Every organization operating in the digital world needs to verify the identities of its users or clients. When you are unable to meet people face to face in an office, check their ID, or ask them to sign papers, you have to use other means to check whether the information they share is correct and that their inventions are genuine. This is especially true when you operate a customer portal.
So how can you verify that your customers are who they say they are? One way to do it is by sending a verification email.
A verification message is a type of email sent to a user or a client after they have taken a certain action. This action could be creating an account, signing up for a newsletter, voting in a competition, or creating a support ticket.
A verification email should inform a user that they need to confirm their action. They can do so by clicking a link or a button placed in an email, or by entering a code that’s been sent to them through a dedicated website.
Verification emails are the core of every healthy ticketing database. If there’s any action that requires users or clients to provide their email address or a phone number, it should be followed by a verification email.
Requiring users to confirm their data helps reduce the number of unverified spam accounts. It also makes it easier for your marketing team to communicate with users or clients.
Furthermore, verification is helpful for users themselves because it reduces the risk of them creating an account using an incorrect or old email address they no longer have access to.
When it comes to managing a customer portal, you also need to make sure that all accounts used to access it are valid and are owned by your customers or users.
You registered an account on [customer portal], before being able to use your account you need to verify that this is your email address by clicking here: [link]
Kind Regards, [company]
We just need to verify your email address before you can access [customer portal].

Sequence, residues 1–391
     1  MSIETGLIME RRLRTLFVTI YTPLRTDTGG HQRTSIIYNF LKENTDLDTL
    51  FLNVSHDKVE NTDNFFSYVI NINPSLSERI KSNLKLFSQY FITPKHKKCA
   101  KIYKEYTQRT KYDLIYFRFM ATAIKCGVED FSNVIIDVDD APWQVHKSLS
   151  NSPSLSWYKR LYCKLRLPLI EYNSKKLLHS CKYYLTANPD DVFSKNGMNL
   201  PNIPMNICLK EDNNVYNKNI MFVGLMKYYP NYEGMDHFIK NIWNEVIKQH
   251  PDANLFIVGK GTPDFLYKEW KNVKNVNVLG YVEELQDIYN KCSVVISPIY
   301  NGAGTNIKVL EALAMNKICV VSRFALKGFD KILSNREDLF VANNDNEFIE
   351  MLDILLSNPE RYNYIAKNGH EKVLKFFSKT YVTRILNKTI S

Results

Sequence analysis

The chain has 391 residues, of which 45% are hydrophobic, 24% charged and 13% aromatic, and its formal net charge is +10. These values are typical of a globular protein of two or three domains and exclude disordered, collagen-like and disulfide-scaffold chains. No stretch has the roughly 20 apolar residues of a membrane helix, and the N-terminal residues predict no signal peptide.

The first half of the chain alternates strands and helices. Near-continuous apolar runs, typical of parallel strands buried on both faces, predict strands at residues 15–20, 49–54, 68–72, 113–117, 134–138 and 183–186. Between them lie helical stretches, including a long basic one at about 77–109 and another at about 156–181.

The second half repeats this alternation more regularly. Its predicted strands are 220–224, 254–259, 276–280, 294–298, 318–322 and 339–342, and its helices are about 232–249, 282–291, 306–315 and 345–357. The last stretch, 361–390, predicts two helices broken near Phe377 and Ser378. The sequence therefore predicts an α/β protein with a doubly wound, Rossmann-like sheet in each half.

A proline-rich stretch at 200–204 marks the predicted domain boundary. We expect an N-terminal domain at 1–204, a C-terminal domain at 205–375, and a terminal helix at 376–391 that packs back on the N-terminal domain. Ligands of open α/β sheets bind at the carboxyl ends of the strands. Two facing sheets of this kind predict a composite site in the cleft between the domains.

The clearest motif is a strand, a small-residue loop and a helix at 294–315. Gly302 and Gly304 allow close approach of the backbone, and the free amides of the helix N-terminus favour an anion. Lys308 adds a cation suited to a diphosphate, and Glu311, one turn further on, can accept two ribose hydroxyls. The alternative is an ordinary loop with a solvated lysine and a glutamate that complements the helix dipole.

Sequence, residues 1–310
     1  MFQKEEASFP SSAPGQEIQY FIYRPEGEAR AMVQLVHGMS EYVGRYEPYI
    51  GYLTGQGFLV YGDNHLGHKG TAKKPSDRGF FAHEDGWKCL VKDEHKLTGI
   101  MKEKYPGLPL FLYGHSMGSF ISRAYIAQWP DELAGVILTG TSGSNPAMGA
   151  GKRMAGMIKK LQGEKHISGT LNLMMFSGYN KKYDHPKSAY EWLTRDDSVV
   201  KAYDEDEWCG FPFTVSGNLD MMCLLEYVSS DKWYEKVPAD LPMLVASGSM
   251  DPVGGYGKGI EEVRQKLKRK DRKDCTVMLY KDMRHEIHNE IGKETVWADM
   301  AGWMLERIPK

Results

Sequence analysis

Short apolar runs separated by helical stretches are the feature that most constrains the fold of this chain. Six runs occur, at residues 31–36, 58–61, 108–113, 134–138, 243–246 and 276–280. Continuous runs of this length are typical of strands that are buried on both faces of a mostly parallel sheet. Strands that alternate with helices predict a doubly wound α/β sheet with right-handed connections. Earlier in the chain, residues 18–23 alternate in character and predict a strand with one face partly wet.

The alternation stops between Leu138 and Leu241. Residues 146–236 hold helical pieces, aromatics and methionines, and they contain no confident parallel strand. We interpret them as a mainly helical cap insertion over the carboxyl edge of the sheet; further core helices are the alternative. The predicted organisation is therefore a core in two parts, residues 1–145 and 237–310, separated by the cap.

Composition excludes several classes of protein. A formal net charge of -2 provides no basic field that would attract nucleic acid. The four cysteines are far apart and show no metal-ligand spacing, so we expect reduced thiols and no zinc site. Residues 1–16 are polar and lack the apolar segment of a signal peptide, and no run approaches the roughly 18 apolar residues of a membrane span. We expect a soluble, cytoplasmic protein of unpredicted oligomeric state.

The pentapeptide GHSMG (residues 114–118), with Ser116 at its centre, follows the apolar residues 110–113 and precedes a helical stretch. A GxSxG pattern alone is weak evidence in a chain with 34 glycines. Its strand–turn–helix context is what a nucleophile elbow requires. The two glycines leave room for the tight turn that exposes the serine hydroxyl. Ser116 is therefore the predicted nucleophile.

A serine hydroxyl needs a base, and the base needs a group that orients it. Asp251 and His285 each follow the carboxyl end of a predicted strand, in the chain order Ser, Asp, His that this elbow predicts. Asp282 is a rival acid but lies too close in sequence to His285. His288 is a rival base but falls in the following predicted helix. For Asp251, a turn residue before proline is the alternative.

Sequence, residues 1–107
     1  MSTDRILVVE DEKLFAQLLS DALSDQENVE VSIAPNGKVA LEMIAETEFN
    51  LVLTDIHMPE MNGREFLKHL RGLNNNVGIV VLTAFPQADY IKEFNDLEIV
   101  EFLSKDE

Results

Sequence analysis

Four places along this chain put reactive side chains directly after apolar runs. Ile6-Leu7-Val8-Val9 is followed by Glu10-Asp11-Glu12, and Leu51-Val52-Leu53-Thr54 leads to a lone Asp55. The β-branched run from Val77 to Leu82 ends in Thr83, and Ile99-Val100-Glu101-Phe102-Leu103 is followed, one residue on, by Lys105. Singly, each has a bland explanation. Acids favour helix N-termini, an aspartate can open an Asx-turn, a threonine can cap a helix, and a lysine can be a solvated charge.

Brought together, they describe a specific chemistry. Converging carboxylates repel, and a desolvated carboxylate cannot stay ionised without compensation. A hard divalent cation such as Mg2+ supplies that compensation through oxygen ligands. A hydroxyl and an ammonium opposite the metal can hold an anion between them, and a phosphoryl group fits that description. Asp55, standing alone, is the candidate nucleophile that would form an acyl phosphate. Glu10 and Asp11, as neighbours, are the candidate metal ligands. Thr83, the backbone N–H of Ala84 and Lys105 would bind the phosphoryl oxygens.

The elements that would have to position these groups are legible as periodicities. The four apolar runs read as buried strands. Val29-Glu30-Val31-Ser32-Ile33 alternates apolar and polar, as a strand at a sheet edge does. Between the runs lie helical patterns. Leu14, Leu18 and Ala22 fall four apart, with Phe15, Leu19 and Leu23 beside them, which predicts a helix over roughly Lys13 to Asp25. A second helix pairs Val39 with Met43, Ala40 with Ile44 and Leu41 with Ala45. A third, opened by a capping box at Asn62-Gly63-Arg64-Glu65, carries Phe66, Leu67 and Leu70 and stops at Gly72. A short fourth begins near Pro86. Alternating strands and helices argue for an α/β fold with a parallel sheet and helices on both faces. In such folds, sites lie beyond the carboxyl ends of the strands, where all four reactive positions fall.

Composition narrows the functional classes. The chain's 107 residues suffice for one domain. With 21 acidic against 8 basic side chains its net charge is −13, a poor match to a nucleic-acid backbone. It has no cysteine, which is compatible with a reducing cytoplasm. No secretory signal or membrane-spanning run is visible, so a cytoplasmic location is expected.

Verify your email address [verification link]
Thanks! – The [company] team
You’re almost ready to start enjoying [customer portal].
Simply click the big [color] button below to verify your email address.
Are you ready to gain access to all of the assets we prepared for clients of [company]?
First, you must complete your registration by clicking on the button below:
This link will verify your email address, and then you’ll officially be a part of the [customer portal] community.
See you there!
Best regards, the [company] team
Thanks for getting started with our [customer portal]!
We need a little more information to complete your registration, including a confirmation of your email address.
Click below to confirm your email address:
If you have problems, please paste the above URL into your web browser.
Your verification code is [code].
Enter this code in our [website or app] to activate your [customer portal] account.
Click here [open code in app] to open the [app/portal landing page].
If you have any questions, send us an email [email to your support team].
We’re glad you’re here!
The [company] team
The [customer portal] offers all of the information you need to get the most out of our [product/service]] and much more.
To access your account, click on the big [color] button:
Once again – thank you for joining our [customer portal] family!
It’s best to send verification emails right after a user creates a customer portal account, so they can continue with the signup process and access the portal as soon as possible. For example, when a user creates an account using their email address, they should receive a verification email right away so that they are able to confirm it and take the next steps.
A verification email should be very short and straight to the point. They should only be three to four lines of text. Inform the user what they need to do to proceed with the creation of their customer portal account. Use simple language. If a recipient has to take a certain action, they should know exactly what’s expected of them.
There’s a big difference between a plain text email and an HTML email. Plain text emails only contain text without any special formatting. Plain text emails also allow you to embed simple visuals or gifs into the email copy. On the other hand, an HTML version contains images, colors, and other text formatting options. The right choice depends on your email marketing strategy, branding, style guide, and other factors.
In general, verification emails should be incredibly simple, so using a plain text email is usually a good idea.
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